Sharon Little opens for Robert Plant, Alison Krauss on Saturday at Harveys Outdoor Concert |

Sharon Little opens for Robert Plant, Alison Krauss on Saturday at Harveys Outdoor Concert

Tim Parsons, Lake Tahoe Action

Sharon Little was a waitress six months ago. Today she's on tour with Robert Plant and Alison Krauss.

Sharon Little is the anti-Madonna.

Two big breaks have come Little’s way, and Little’s way is a little bit Zen.

“We’re all going to die anyway, no matter what we do in life, so why be pushy about it?” Little said. “If I’m gonna make it, I’m gonna make it. I definitely don’t want to try to control my life because life isn’t about control. I just let it happen.”

The singer inked a deal with CBS Records, and Robert Plant was so impressed with her CD he picked Little to be the opening act on his tour with Alison Krauss and T Bone Burnett.

Little is the understandably bashful member of the tour. After all, just a few months ago the 27-year-old was a waitress in a Chinese restaurant in Pennsylvania.

“It’s funny, I get up on a stage in front of thousands of people, but I’m a shy person naturally,” she said. “I feel a little shy when I’m around them.”

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The only sibling of seven to become a musician, Little acquired her craft under a tragic circumstance. When she was 16 years old, a traffic accident killed her close friend.

“She was 15 years old and she had 700 people at her funeral,” Little said. “We were like two peas in a pod. We wanted to be the Indigo Girls. Her mother gave me her guitar, and said ‘I want you to play for her.’ “

Little wrote songs to deal with her grief: “It was a necessity,” she said. “I had to get it out.”

Music was the only high school subject Little cared about. She was inspired by a teacher named Mr. Heller and his solo performance class.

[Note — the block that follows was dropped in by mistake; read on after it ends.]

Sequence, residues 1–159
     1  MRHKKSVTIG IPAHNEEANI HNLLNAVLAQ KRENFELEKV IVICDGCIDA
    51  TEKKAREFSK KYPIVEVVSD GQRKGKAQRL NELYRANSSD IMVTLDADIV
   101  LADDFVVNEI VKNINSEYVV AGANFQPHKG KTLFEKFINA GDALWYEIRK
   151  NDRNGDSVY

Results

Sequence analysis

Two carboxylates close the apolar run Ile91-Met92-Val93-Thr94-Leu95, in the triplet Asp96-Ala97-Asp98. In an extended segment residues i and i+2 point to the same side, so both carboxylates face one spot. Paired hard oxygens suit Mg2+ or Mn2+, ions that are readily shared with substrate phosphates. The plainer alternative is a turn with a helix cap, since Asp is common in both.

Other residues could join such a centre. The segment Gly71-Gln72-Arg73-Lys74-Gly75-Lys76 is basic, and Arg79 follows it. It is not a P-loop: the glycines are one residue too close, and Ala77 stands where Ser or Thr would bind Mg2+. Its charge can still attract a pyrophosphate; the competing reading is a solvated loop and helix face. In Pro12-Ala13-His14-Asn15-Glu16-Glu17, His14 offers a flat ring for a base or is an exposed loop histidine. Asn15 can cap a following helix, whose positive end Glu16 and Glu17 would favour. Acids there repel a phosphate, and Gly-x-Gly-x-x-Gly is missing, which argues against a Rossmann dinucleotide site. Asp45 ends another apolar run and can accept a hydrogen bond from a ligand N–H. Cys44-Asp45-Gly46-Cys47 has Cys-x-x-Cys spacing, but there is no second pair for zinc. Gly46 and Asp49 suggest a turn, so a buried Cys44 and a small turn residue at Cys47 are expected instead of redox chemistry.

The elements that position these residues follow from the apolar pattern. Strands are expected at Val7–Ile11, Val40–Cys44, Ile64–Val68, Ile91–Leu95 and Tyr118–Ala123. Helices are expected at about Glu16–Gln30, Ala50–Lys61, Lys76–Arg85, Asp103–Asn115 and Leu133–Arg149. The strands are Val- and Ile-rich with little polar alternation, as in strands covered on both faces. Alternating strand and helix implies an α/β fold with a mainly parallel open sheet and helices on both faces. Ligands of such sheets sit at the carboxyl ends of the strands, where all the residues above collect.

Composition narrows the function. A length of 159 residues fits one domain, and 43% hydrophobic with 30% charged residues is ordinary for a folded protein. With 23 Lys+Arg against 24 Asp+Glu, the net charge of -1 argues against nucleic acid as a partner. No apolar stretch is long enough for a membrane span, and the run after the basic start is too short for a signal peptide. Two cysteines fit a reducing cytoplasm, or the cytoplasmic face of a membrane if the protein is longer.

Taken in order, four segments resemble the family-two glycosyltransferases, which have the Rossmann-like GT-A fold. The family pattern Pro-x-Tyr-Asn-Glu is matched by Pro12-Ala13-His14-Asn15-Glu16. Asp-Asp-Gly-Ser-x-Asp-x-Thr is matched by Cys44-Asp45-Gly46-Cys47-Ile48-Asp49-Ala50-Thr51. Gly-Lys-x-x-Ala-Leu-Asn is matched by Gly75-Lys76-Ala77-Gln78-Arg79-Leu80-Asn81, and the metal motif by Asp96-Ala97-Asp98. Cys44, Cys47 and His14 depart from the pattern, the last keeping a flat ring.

“It taught me how to perform music in front of an audience,” said. “A lot of days, I would only go to school if I had class with him that day, and a lot of times I wouldn’t even come in until his class started. That’s what I needed to learn.

“In my opinion,” Little said, pausing to chuckle at her thoughts, much in the manner of Janis Joplin, “I think the schools are run completely wrong. I got what I needed from high school. I don’t need a degree to prove it. I felt like a degree was a waste of my time. I don’t need to do math. I know how to add, I know how to subtract. I know how to use a calculator. I don’t need to know what pi equals. It doesn’t mean anything to me. But the school makes you feel horrible if you feel that way. They don’t look at the artists. So I said ‘Fine, I’m going to go down my own road. I’m not going to follow what they say I have to follow.’ “

Little stayed true to her philosophy when an investor brought her into a studio. He tried to make her a pop singer but she refused. That’s when she met Scot Sax, with whom she co-wrote the 11 songs on her album “Perfect Time for a Breakdown.”

“He never tried to pin me as a pop star but he got me to appreciate some of the pop stars,” she said. “Like Fleetwood Mac. They’re a pop band. You never think that because they were just great. The Beatles and the Stones, all of those guys, they were pop stars. I grew to like the more poppier stuff.”

Little and Sax have been collaborating ever since. They toured by train for two years, performing and writing songs that tell story.

“We are completely different writers,” she said. “There’s nothing similar about it at all. We don’t even like the same kind of music. Even though it’s going to be harder to write with someone you’re not familiar with, you’re probably going to get a pretty unique song.”

“Perfect Time for a Breakdown” shows off Little’s vocal range. The styles go from bluegrass to soul to rock, and the definitive song is, yes, pop.

“I think ‘Ooh Wee’ is the strongest song,” she said. “You don’t have to be in the same mind as all of these people. ‘Ooh wee don’t make a sound and no one gets hurt. If you want to stick around, get in line with the world.’ It’s just saying, ‘Since when did everybody have to go to college to be successful?’ I love singing that song because it’s kind of liberating being in my position, being able to sing it to thousands of people. That’s how I feel.”